Assignment: Create a Comic Strip illustrating an American trying to obtain the American Dream today. Your story will either end with an American having actualized the American Dream or NOT obtaining the American Dream. Your storyline must be based on the discussions we have had as a class, videos watched on the topic, and articles read on the pursuit of the American Dream today. (All can be found on Moodle>Introductory Unit>Project Expectations)

Rubric Pixton tutorial 

Standards Addressed

MN ELA Common Core Standard

Write arguments in social studies to support claims in an analysis of substantive topics or texts, using valid reasoning and relevant and sufficient evidence.

MN Social Studies Standards   Historical Thinking Skills

Historical inquiry is a process in which multiple sources and different kinds of historical evidence are analyzed to draw conclusions about how and why things happened in the past.

Description of how it is an Authentic Assessment
This assessment is authentic as it is asking students to reflect on what is believed to be the American Core Values and living experience today and its connections and experiences to past values and living experiences. It is also authentic in the way in which students are able to chooose a perspective to support, be creative in the way in which they demonstrate their understanding through designing a a comic strip. These strategies combine to make a more authentic project based assessment rather than a traditional test or writing assessment.

Personal Reflection

I took a graduate class several years ago that really challenged me to think differently about grading and reporting and authentic assessments. This class built on that initial class and really helped me explore project based assessments which is something I wanted to create more of in my 10th grade classes.

Additionally, this class has pushed me to really think and create rubrics for all summative assessments. It can be super simple or more detailed as the size and time commitment for the project increase. I hope that we have access to the Hopdina class moodle pages as for each class so far there has been a wealth of resources available to aid in the classroom. I would like to access to this as I continue to revamp units and assessments over the course of the next school year.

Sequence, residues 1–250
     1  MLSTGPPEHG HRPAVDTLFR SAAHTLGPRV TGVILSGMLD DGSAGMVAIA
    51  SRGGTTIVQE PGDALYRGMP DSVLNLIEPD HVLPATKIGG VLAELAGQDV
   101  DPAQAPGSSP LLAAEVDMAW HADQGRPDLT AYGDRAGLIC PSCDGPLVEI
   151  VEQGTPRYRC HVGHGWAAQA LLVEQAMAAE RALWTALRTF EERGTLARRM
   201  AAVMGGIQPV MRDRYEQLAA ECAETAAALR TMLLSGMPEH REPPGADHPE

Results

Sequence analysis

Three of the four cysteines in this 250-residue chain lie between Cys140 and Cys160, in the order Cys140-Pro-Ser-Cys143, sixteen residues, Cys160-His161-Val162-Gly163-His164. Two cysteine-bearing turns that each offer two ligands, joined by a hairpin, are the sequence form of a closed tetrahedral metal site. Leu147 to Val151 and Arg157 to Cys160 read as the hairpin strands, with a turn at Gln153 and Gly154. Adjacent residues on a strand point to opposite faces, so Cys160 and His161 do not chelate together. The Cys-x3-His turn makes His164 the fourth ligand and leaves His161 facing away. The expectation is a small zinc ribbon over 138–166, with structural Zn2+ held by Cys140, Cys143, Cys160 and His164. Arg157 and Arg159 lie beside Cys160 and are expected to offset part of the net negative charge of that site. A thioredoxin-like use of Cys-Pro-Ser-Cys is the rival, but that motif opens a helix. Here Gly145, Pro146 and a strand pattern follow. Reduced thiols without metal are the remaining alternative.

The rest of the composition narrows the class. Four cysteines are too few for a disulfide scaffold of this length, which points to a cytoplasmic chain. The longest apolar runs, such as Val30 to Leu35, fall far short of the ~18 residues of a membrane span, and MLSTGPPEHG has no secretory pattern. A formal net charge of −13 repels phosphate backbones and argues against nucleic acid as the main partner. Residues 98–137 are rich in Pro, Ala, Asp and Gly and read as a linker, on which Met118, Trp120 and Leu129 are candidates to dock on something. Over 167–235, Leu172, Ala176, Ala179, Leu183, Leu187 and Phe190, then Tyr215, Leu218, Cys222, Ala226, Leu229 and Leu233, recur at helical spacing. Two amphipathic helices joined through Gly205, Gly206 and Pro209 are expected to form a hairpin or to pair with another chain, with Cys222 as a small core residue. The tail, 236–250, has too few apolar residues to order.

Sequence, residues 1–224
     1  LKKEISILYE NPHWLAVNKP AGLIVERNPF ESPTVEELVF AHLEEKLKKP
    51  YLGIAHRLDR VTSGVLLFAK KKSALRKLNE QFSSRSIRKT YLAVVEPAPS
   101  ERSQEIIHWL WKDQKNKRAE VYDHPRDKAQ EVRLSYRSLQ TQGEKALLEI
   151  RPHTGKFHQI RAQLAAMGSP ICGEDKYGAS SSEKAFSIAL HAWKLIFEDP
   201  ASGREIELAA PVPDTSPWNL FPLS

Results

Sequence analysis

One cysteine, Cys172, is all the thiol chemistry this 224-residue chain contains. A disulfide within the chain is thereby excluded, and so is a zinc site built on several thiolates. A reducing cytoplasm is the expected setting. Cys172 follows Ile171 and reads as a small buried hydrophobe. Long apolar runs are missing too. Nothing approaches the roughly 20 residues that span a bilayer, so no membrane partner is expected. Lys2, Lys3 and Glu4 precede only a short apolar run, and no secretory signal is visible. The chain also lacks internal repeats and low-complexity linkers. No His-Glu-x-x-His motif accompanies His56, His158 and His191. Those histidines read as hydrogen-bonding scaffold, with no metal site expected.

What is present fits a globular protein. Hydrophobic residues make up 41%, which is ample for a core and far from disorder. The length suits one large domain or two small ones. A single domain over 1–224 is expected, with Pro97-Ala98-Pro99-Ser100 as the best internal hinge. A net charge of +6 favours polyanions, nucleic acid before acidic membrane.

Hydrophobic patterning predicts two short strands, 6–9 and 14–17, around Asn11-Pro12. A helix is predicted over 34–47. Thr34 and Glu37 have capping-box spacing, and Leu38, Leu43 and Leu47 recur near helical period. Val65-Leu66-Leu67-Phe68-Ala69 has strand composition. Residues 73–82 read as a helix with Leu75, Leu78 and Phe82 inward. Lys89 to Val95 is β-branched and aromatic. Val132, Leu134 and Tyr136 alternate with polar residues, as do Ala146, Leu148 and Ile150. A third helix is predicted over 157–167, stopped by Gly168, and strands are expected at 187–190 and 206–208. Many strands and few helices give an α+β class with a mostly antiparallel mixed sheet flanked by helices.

Monday, June 1, 2015

Gretchen Lund Summative Assessment Project

EL students must receive direct instruction in English and be given access to the content standards.  Best practice dictates that those two efforts be integrated.  To provide a model of how this can be done through the use of available technology, I have created a unit which addresses the common core English language arts standards and the WIDA English language development standards.  I then linked the assessment and related tools on Mastery Connect to allow access to the unit for both ESL and ELA teachers in the district.
My first step was to create a rubric which addresses the language arts standards and the English language development standards and upload it to Mastery Connect.

I then created a curriculum map in which the assessment could be used.  I also added a tracker, as that gave me the flexibility to add in the standards from multiple content areas and grade levels that I needed.
And finally, using the principles of backwards design, I thought about how the standards would be taught.  I created instructional materials for the unit and  linked them to the unit in the curriculum map.
Standards addressed:
This unit primarily addresses the following Minnesota English Language Arts Standard:
W.8.3 3. Write narratives to develop real or imagined experiences or events using effective technique, relevant descriptive details, and well-structured event sequences.
This unit also addresses the following English Language Development Standard:
ELD 2 English language learners communicate information, ideas and concepts necessary for academic success in the content area of Language Arts.